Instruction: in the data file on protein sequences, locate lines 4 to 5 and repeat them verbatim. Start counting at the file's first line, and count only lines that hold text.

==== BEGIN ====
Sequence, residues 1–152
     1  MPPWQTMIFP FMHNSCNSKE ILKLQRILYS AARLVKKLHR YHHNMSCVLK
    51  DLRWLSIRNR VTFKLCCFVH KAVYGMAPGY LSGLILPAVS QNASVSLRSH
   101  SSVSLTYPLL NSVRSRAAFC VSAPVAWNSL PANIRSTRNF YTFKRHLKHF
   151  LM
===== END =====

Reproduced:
   101  SSVSLTYPLL NSVRSRAAFC VSAPVAWNSL PANIRSTRNF YTFKRHLKHF
   151  LM